Costume designer and builder: a creative Guye
Most of the year, Darnley Guye is in a workshop diagnosing and fixing problems with vehicles to keep them in good working order.
But there is another side to Darnley—an artistic side-- one that surfaces when he wipes the grease from his hands and embraces his creative energies, especially at Carnival.
One year, Darnley decided to join a friend who was designing and building costumes. That was over 40 years ago, and he's still at it today though he did opt out for two years to rejuvenate.
Describing what costume designing and building means to him, Darnley says, "It brings out something in me that's locked in…I can express myself. That's how I express myself."
Anything in the environment can inspire his designs, which often present ordinary things in highly imaginative ways.
"Everything I see around has a special beauty to me, has a special life. I do things, not always how I see them; I do them in the abstract form."
His technique is almost spiritual. "I stop thinking of things in a confined space. I see things outside of a confined space. You just have to have an open mind.
"Let your mind flow…because that's what art is all about…you have to put yourself in a position to see the big picture and let your talents flow," he explains.
Apart from Carnival, his design studio is occasionally called upon to build costumes for other activities during the course of the year.
Practicing his art is lucrative, captivating and satisfying, he says, yet this art form requires lots of time and effort. Darnley cautions it's not a field that one can go into half-heartedly.
In fact, he says anyone who wants to be involved in costume building should be prepared for long, sometimes sleepless nights and hard work.
Once a year, he travels to Trinidad to buy material to produce the costumes.
He explains that designers can build a costume with any type of material, depending on what they want to produce.
After shopping, he and his team at Costume Builders Mas Camp put in 15-hour work days, not going home until around 2:00a.m.
At the moment, his camp has a staff of 18, some of whom have been with him for several years.
During this time, he is hardly at his mechanic shop and only goes there if a customer has an urgent problem.
The number of costumes he designs and builds varies according to how many bands and pageant contestants contract his services.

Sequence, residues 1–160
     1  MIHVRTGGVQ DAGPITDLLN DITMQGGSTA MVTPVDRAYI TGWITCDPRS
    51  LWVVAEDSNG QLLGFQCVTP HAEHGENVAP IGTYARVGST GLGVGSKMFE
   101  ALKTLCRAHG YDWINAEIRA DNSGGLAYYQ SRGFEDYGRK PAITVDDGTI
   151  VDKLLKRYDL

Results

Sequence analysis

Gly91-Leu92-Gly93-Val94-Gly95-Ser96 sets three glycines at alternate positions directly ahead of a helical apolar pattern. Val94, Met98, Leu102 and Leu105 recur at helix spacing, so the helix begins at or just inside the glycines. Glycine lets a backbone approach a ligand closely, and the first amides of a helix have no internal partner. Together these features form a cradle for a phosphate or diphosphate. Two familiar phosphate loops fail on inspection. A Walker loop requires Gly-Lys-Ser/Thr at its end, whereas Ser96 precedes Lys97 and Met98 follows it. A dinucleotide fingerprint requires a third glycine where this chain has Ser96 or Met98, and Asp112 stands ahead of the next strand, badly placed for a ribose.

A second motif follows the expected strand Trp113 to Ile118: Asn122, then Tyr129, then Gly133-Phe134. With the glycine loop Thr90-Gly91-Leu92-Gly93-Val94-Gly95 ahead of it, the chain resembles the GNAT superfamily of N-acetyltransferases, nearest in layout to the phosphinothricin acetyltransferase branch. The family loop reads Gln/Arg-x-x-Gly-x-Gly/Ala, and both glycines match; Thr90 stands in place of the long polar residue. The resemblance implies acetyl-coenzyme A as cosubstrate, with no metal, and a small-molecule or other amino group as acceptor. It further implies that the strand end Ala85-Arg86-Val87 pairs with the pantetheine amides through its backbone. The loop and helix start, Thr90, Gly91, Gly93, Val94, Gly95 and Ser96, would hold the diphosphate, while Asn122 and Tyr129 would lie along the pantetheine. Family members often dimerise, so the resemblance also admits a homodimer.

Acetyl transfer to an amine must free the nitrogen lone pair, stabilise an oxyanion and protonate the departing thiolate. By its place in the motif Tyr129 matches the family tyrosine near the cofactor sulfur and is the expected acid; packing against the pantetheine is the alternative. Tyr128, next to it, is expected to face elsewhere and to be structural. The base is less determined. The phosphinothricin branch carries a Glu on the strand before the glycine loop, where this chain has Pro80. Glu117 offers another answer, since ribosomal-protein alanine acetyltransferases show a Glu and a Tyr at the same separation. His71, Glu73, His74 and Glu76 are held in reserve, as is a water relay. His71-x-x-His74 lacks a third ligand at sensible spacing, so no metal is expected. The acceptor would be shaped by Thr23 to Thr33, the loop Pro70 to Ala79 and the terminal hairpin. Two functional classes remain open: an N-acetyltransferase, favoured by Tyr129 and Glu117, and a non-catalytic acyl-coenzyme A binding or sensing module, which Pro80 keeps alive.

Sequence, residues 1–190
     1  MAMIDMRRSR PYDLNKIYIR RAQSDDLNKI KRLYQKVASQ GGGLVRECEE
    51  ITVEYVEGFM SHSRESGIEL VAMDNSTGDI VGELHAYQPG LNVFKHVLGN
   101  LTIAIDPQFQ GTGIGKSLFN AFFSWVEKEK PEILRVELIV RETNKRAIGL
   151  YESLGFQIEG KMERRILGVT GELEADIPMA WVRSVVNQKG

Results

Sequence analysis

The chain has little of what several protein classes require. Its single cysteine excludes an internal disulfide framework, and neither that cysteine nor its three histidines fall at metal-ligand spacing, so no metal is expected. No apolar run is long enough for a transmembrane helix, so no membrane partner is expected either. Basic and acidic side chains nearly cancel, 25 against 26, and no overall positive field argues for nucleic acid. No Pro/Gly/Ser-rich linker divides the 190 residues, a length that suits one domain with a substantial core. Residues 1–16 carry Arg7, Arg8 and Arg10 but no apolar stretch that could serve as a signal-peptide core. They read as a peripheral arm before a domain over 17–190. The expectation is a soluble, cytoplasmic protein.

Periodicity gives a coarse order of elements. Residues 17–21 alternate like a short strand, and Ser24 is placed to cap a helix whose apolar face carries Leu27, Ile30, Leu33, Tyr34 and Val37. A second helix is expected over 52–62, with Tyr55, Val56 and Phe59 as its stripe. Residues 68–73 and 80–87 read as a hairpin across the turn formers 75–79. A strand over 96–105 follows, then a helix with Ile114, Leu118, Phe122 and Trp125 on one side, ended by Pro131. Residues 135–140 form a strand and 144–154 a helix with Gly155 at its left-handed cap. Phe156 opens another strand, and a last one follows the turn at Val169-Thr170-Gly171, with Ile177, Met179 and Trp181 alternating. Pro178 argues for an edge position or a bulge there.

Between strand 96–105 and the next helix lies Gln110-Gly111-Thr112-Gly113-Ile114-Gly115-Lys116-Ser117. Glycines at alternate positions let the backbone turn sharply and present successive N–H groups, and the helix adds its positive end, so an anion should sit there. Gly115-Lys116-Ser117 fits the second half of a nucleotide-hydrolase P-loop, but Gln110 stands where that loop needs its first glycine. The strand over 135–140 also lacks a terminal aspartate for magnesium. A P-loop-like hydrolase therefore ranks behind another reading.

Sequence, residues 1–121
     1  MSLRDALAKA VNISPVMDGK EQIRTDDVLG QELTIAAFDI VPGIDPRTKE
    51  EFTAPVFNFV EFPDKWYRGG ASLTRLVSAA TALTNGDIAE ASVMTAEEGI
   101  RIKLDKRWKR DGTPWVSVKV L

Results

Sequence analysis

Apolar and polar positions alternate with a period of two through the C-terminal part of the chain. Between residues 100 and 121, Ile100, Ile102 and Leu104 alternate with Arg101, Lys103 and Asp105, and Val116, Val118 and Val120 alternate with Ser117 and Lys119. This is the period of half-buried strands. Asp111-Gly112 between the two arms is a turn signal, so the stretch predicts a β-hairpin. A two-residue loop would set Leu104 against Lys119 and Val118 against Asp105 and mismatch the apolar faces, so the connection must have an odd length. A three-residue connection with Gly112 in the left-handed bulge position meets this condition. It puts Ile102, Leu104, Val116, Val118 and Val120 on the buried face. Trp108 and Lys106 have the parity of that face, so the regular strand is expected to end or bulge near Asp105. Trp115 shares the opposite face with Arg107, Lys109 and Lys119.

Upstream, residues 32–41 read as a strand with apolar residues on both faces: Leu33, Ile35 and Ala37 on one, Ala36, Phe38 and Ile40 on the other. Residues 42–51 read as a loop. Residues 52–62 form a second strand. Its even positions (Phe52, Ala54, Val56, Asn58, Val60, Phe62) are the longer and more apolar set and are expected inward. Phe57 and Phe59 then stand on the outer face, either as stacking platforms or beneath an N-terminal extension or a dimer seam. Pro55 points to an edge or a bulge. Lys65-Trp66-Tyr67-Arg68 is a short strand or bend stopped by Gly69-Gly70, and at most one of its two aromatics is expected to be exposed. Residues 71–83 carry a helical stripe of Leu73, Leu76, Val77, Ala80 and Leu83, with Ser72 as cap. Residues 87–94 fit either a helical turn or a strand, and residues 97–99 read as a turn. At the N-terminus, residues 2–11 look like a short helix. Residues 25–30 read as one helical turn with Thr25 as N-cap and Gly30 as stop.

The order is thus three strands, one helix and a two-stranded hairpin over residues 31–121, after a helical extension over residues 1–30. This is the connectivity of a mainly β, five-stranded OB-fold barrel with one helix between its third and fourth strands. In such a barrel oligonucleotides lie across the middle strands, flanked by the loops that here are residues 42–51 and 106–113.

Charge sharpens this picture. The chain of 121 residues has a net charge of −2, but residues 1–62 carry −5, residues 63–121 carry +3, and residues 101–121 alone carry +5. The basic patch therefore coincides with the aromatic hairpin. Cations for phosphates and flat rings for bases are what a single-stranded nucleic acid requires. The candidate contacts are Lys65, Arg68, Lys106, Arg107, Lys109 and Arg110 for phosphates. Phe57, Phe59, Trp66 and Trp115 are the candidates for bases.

This year he costumes for the Mothers Queen pageant and Mass Jamboree are also on the cards.
His camp's objective is to try to make carnival better and to put as much colour on the road as possible.
But he never designs simply to win competitions.
"I work to produce the best I can. If I win in the process, it's a plus. If you work only to win, you will get obsessed with what you do and I don't want to get obsessed with it…
"I just want to create something to uplift the spirit of people. . . I cannot say I am going to do that piece to win and not that piece. . . I have to give all of them the same amount of attention," Darnley declares.
Ironically, after all that work, Darnley does not usually participate in carnival. Sometimes he is so tired by the night of the Carnival queen show that he falls asleep backstage.
"To me, that's my carnival, building the costumes," he says.
And he goes straight back home after putting the costumes on the road on Carnival Tuesday.
Sadly, after putting in all their hard work and creativity, some costumes have to be discarded as there is no place to store them.
He has become accustomed to doing so and feels no sense of loss when a costume is discarded.
But Darnley thinks that there should be a special, permanent site where costume designers and builders could work from and store costumes and materials from year to year.
Also, he suggests a display area to showcase the costumes and other aspects of the Dominica Carnival. This can even help to generate income for the island as visitors would pay to see them, he believes.
Life goes back to normal for Darnley and his camp staff after carnival. The mechanic shop gets all his attention and he is home earlier at nights.
Until the next year-- then it starts all over again. And he loves it!